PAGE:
The beauty of Netpage is that its simple interface is familiar to the everyday consumer. It’s easy to scan an image and follow the prompts. The added bonus that you can share it on social media is another drawcard.

With Netpage, readers are given more of a reason to purchase their favourite magazines because of the ease of integration with their favourite digital platforms and the extra incentives they will benefit from.

And if that’s not exciting, then call me a QR code.

Contributor:

Hollie Azzopardi, Account Manager for Stolen Quotes

 

How ‘social’ is social media?

If I’m at a bar and I don’t check-in, was I ever at the bar?

Okay that was a joke question, but it highlights an interesting concept around the way social media affects the way we socialise today.

According to recent statistics, the average Australian person spends around 13 hours a week on social media. If we assume that most of us don’t spend our working hours on social media and we don’t include the time we are asleep, we are spending a large proportion of our free time scrolling through our news feed, updating our status and Tweeting to the world.

Don’t get me wrong, I love social media, it’s a huge part of the industry I work in and using social media is an essential part of my job. I spend a good chunk of my working day on Facebook, Twitter and LinkedIn. While I love feeling connected and building relationships through social media, I have to wonder what I miss out on when I completely disengage from my physical surroundings.

When I think about some of the stand out moments of my life – travelling, seeing my favourite band in concert and my 21st birthday, I disengaged from all these moments to reconnect with my online social network. On my birthday, I spent time checking in and taking photos. When I saw my favourite band, I filmed my favourite song and uploaded it to Facebook straight away. When I travelled, I took hundreds of selfies in front of famous icons and put them on Instagram. The scariest (and somewhat embarrassing) truth to the travel photos is that I didn’t take them so they could be treasured memories of my trip – I took them because I know travel photos get a lot of ‘likes’.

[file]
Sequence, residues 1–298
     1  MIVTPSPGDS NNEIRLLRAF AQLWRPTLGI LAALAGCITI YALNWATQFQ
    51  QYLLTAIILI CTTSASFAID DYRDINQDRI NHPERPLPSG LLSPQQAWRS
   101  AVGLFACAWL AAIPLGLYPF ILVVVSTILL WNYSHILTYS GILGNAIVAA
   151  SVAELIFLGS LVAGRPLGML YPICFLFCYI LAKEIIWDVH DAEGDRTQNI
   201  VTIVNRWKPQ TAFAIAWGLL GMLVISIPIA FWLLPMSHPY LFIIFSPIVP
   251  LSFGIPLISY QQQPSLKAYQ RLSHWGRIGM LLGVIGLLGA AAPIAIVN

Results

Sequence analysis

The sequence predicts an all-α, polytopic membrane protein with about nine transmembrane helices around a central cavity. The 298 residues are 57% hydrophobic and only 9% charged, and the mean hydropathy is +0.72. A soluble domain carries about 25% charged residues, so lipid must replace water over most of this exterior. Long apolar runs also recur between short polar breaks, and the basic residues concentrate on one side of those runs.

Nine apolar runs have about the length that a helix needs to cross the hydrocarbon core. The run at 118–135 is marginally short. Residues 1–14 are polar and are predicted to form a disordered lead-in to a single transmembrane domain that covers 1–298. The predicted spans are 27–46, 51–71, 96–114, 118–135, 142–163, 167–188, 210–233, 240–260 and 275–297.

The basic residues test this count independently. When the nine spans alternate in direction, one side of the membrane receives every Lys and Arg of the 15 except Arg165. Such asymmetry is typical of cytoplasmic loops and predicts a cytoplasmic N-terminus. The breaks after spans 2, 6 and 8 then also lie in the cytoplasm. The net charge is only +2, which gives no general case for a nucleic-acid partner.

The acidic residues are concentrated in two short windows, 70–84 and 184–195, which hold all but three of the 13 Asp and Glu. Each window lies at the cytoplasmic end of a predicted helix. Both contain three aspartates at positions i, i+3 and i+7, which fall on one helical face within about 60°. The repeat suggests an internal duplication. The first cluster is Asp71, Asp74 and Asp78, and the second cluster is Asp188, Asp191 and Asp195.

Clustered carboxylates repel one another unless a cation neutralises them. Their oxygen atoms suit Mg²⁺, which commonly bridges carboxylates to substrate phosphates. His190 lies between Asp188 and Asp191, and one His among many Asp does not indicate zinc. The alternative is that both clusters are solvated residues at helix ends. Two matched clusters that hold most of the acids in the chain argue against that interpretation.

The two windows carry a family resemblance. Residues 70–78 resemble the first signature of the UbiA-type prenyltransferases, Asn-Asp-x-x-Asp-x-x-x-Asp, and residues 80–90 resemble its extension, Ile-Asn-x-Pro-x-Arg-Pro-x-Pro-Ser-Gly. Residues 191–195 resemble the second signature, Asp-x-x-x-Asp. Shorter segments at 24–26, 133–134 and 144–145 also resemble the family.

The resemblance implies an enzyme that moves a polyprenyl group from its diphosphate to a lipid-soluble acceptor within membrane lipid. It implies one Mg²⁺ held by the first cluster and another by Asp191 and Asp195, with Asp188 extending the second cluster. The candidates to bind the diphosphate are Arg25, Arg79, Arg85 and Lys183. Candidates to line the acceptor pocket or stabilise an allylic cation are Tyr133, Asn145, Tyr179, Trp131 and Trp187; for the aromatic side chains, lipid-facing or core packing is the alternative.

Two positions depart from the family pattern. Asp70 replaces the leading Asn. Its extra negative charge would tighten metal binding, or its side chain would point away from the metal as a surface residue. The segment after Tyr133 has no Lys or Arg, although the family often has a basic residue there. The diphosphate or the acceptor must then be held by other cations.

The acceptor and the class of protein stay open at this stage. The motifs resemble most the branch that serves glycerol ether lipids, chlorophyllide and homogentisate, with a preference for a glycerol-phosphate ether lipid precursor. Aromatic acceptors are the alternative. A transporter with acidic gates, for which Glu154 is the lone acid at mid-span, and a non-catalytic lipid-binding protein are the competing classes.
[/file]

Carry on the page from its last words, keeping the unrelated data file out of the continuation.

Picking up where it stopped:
So here are some questions for consideration:

  • Has our social media started to dictate our social lives?
  • Does appearing to have a good time mean more than actually having a good time?

Whether we like to admit it or not, I’m sure many of us answered yes to these questions, myself included.

This month the Stolen Quotes team is trialing #LowFiJuly. We are all putting away our mobile phones at lunches, work drinks, networking events and pretty much any social outing. (Ironically we’ve made #LowFiJuly a hashtag – we only tweet about it after lunch, we swear!) So far we’ve all done extremely well and I feel personally more connected and engaged in the lives of my colleagues. It actually feels like a weight has been lifted because I no longer obsessively scan my news feed while trying to tell the team about my weekend plans. Who knows, #LowFiJuly might stick around for August.

Contributor:

Sarah Brown, Account Coordinator for Stolen Quotes.